$800 BILLION for the national encouragement of sloth, idleness, and envy.
This is not a Farm Bill, this is an EBT Card Bill, and we're expected to keep paying it.
From the Heritage Foundation:
From the Heritage Foundation:
- No Separation: The farm bill is really the “food stamp bill.” About 80 percent of the farm bill spending is devoted to food stamps. Ranking Member of the Senate Agriculture, Nutrition, and Forestry Committee, Senator Thad Cochran (R–MS), explained the farm bill politics well when he argued that the farm bill should include food stamps “purely from a political perspective” since “it helps get the farm bill passed.” The House showed leadership by including a provision in its farm bill that would reauthorize farm programs and food stamps for different periods of time to ensure that these programs would at least be considered on different schedules in the future. This would allow both programs to be considered on their own merits, making real reform a possibility and helping to take politics out of the farm bill and replacing it with the interests of the American people. In a shocking move, the House gave up this important common sense reform that has wide support. The public overwhelmingly supports separation. There is diverse support for separation in the media, from The Washington Post to The Wall Street Journal. Representative Marlin Stutzman (R–IN) led a group of 27 House members who sent a letter to the farm bill conferees expressing strong support for separation.
- House Caves on Food Stamp Spending. Food stamp spending has quadrupled since FY 2000 and doubled since 2008. The House bill would have reduced spending by about $39 billion, while the Senate would have reduced spending by only $4 billion. The reported “compromise” is about $8 billion, which is $31 billion less (80 percent less) than what the House sought.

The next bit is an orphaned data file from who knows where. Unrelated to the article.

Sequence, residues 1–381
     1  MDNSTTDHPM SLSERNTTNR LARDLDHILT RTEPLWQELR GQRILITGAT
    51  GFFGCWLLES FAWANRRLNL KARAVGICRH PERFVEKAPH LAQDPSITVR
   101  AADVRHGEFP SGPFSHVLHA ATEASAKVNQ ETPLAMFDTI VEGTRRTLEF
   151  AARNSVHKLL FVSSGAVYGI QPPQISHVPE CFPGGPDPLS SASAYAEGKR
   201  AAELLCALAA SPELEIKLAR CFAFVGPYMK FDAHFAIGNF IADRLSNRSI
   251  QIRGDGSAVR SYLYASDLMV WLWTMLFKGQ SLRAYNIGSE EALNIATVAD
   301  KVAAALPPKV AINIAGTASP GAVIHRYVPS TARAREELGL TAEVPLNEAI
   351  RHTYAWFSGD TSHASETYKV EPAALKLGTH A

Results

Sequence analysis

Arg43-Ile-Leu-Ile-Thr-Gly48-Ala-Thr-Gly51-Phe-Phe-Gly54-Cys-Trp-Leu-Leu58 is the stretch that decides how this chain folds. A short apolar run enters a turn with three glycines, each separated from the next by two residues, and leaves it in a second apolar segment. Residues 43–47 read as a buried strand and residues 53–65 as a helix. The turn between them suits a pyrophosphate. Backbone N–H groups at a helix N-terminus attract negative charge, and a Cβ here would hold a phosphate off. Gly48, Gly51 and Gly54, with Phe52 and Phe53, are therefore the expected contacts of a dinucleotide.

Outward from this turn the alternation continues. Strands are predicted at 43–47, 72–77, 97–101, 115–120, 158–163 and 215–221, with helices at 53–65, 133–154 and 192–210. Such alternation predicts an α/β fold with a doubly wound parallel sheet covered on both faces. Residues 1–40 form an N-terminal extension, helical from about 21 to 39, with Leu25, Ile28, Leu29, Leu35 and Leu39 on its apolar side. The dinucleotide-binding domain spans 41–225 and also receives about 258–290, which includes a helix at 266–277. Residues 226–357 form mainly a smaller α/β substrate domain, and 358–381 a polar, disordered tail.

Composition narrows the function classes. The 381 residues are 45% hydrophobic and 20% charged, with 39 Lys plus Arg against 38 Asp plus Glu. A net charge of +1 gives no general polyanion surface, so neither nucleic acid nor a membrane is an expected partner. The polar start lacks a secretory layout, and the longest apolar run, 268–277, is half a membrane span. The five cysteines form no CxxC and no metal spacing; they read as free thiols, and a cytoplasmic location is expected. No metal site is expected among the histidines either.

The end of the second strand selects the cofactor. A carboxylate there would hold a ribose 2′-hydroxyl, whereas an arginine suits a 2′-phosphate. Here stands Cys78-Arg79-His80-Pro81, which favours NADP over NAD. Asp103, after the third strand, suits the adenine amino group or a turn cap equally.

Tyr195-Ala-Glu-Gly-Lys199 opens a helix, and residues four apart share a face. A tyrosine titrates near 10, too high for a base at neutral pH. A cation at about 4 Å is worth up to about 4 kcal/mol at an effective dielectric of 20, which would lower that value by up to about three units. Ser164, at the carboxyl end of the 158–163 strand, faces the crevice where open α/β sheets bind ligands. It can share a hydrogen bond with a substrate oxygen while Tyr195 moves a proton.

- Broad-Based Categorical Eligibility Loophole Is Ignored. This problematic policy, put in place in 2000 and pushed heavily by the Obama administration, allows food stamp recipients to enroll in the program even if they have $1 million in the bank. Food stamp recipients could have an unlimited amount of assets, but if their income is low enough, they could still receive food stamps. Congress had the opportunity to eliminate this policy, which would have resulted in $12 billion in savings over a decade, but chose instead to turn a blind eye to it.
- No Real Work Requirement. Congress had the opportunity to implement a strong work requirement, putting food stamps on course to promote self-sufficiency for able-bodied adults. But the work provision in the bill is nothing more than a mere work “suggestion.” A strong work requirement is the most crucial reform for food stamps, but Congress has failed to include such a policy.
- Virtually Unlimited Taxpayer Liability. There are two new programs that have been added to replace direct payments, one of which covers even minor losses for farmers. The potential costs of these programs could skyrocket based on even modest changes in commodity prices. This is why the House bill had a price ceiling, or cost cap, limiting the exposure that taxpayers would have to pay out for these unknown and costly programs. The new bill doesn’t appear to have such a cost cap—basically, taxpayers are faced with a blank check while farmers are being covered for virtually any risk.
How do you like that, readers? Just as I have been telling you: there is really only one party in the Federal Government, with two heads. Both of them want more and more and more dependency on government, and both are willing to use as much tyranny and currency debasement as necessary to enforce more dependency.